Controlled Experiments: The Safe Way to Use New Technology in ITby@vbakin
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Controlled Experiments: The Safe Way to Use New Technology in IT

by Vladislav BakinJune 28th, 2023
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The IT industry is evolving so fast: almost every day, new libraries, frameworks, and even languages appear on the market. This state of affairs creates an obvious problem and question: when should we refactor our application to use new technology, and when not? The "controllable experiment" strategy helps significantly mitigate the risks of using new technologies and unlocks the potential to use them often. The method has three steps or stages: 1. Defining clear minimum requirements for the technology itself 2. Implementation using a controllable experiment 3. Using a trial period before scaling the result
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The IT industry is evolving so fast: almost every day, new libraries, frameworks, and even languages appear on the market. Each of them tries to solve actual problems that the industry faces or simplify software engineers’ daily routines. However, there’s another side of the coin. Most of them will never become mainstream and will be small, niche, and even sometimes disappear. But some of them will change the industry standards and become the new mainstream.

This state of affairs creates an obvious problem and question: when should we refactor our application to use new technology, and when not? How can we predict if a popular library ends its support in a year and application maintenance becomes hell? But on the other side, how do we improve engineering performance without getting stuck with a completely outdated application after a few years?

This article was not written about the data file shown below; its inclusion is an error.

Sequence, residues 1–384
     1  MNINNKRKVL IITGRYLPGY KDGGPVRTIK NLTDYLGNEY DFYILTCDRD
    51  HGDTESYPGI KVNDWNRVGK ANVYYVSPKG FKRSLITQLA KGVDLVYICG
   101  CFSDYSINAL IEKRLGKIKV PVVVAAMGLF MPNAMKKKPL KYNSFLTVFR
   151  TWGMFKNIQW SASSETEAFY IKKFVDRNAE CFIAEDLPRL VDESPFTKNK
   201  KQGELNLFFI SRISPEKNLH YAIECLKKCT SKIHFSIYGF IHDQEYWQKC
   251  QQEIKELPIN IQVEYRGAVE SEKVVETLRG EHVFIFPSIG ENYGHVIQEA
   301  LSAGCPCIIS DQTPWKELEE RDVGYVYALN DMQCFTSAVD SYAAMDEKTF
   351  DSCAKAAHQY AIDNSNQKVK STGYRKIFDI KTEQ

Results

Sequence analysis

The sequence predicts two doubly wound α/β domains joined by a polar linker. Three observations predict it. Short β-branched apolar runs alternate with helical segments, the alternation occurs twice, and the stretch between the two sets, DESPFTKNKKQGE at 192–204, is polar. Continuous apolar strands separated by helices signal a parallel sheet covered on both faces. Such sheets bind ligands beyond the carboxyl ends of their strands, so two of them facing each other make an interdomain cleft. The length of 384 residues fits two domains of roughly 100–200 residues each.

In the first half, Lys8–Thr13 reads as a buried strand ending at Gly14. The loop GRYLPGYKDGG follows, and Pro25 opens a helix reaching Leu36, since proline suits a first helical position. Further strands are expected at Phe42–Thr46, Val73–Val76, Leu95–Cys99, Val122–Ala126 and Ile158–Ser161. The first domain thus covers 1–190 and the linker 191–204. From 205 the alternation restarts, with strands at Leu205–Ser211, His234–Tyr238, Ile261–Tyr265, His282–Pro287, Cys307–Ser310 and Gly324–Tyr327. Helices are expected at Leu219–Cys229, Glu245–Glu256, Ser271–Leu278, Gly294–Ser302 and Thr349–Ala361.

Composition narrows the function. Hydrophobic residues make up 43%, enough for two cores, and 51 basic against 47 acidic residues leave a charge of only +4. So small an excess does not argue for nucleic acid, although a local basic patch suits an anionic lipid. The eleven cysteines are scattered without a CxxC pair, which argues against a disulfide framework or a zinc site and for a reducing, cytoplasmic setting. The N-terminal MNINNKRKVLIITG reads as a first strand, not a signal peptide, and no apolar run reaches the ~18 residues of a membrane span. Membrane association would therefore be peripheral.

Despite these questions being rhetorical, as we’ll never have a magic ball to get the right answer, this article will cover a method that helps mitigate these risks.

Regarding this article, new technology doesn't necessarily mean fresh technology on the market. It could be well-known and even mainstream technology, but you, your team, or your company don’t have an experience with it. So, most issues would be the same, and we may mitigate them similarly.

Let’s structure and list all potential risks that come with the idea of implementing new technology in the application:

  1. Technology may still be unstable, and during implementation, we’ll face a blocking issue that ruins the whole process, and we’ll be required to revert.
  2. We (and possibly the industry) may not have enough knowledge and experience. As a result, we’ll make mistakes and suboptimal decisions in the application design, which follows to a pretty bad result (aka implementing technology only for the implementation itself)
  3. Technology may become outdated or even die. As a result, the integration loses its benefits and just transforms the application into a legacy.
  4. The result might have no effect. We actually trade bad for worse. The technology is implemented and working correctly, but it doesn’t provide any benefits.

The "controllable experiment" strategy helps significantly mitigate these risks and unlocks the potential to use new technologies often. Despite not preventing failures, it reduces their count and, most importantly, decreases the scale and size of arising problems.

Define clear minimum requirements for the technology itself

No criteria guarantee that the popular technology will be stable and well-maintained. However, it’s still a good essential criterion.

It’s not rocket science that a library used by more than 10000 people and supported by ten engineers or well-known vendors would have more chances to be maintained for a long time rather than a library written by a single engineer and used by 1000 people. Even more important is the Lindy effect: the future life expectancy of technology is growing proportionally related to their current age. So, a great option is to check how long this technology has already been on the market, how well it’s maintained, and how quickly it is updated.

Define precise, unambiguous, measurable minimal requirements for technologies you can use in your application.

Implement using a controllable experiment